LexisNexis Risk Solutions, a top tier leader in the risk management industry helping its customers accurately predict and manage risk, has agreed to a $1.2 million pay out in order to put to rest allegations of a pay bias made by the U.S. Department of Labor.
LexisNexis Risk Solutions, a top tier leader in the risk management industry helping its customers accurately predict and manage risk, has agreed to a $1.2 million pay out in order to put to rest allegations of a pay bias made by the U.S. Department of Labor. The company has also agreed to offer $45,000 in salary adjustments to women employed in Boca Raton, Florida.
Using state of the art technology and data analytic scoring, LexisNexis Risk Solutions aims to offer fraud prevention, background checks, public records, and identity management solutions to a large variety of businesses, including those in the retail, banking, healthcare and insurance, among others. Contracted as a third party by its clients, it is a top player in the risk management industry, servicing 99% of all U.S. automobile insurance claims and more than 90% of all homeowner insurance claims. The company also helps all 50 U.S. banks maintain regulatory compliance, limit business risk and prevent crime, as well as assists 70% of local government and nearly 80% of federal agencies in safeguarding U.S. citizens and reducing financial losses. Between 2015 and 2016, LexisNexis had substantial federal contracts, in the million dollar range, with the U.S. Departments of Justice, Transportation, Homeland Security, the General Services Administration and the Office of Personnel Management. The U.S. Department of labor also made the list as one of the well known agencies utilizing LexisNexis’ services.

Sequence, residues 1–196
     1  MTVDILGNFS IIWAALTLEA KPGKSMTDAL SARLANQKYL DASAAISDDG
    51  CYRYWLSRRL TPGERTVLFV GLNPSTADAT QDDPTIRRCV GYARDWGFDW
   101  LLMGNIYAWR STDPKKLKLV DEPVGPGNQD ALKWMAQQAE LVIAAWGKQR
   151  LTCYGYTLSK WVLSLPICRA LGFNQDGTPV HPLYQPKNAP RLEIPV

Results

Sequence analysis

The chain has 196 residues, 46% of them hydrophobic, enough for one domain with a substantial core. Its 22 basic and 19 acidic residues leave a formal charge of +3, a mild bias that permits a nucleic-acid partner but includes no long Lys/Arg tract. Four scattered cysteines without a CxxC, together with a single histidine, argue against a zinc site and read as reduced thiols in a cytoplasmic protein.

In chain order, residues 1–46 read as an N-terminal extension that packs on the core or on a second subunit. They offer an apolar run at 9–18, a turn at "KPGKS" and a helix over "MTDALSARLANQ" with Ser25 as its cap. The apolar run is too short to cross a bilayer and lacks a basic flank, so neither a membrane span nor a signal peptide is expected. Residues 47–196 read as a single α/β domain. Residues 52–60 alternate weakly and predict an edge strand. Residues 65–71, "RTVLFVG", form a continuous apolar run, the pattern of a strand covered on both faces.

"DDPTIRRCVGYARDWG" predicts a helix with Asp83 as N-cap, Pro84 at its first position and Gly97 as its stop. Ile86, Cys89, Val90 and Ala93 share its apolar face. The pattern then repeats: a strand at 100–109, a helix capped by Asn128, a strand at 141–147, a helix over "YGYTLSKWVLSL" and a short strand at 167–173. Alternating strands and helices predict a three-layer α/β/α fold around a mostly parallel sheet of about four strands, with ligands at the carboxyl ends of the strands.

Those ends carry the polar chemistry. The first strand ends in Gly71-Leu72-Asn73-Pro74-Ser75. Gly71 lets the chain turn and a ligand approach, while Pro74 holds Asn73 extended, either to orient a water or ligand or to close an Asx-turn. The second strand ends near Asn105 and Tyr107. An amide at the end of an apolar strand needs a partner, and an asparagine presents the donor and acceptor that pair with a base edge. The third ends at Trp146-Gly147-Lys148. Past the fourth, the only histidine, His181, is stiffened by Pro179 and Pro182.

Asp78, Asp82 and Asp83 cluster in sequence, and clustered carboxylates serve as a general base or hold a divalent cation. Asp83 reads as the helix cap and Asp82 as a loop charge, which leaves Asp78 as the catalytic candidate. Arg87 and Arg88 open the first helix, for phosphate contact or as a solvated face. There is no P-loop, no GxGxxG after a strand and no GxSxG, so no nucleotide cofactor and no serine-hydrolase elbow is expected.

After two unique investigations conducted by the U.S. Department of Labor’s Office of Federal Contract Compliance Programs, however, it was discovered that LexisNexis Risk Solutions allegedly paid over 200 female managers in Florida and Georgia substantially less than males hired into the same role beginning as early as in 2012 and spanning several years. The investigation took into consideration legitimate factors that would explain pay differences. The pay discrepancy violates an executive government order specifically banning pay discrimination on the basis of sex. This stipulation stems from Executive Order 11246, and takes into account Section 503 of the Rehabilitation Act of 1973 and the Vietnam Era Veteran’s Readjustment Assistance Act of 1974.
The full official statement released from LexisNexis states: “LexisNexis Risk Solutions is committed to ensuring all employees are treated fairly and afforded equal employment opportunities. The findings [by the Office of Federal Contract Compliance Programs] were not based on any individual complaints; rather they were derived from statistical analysis conducted by the agency. The company disagrees with the OFCCP’s findings and does not believe it violated any federal laws. After three and a half years of cooperation during the agency’s review, we ultimately agreed to the settlement to avoid committing additional time and resources for continued legal proceedings.”
In other words, LexisNexis has not admitted to the allegations and has stated instead that it intends to settle in order to avoid excessive costs and time associated with prolonging the case. The company has agreed to review and revise its pay policies as necessary, and will issue an annual compensation analysis during the conciliation agreement in order to account for any further salary discrepancies.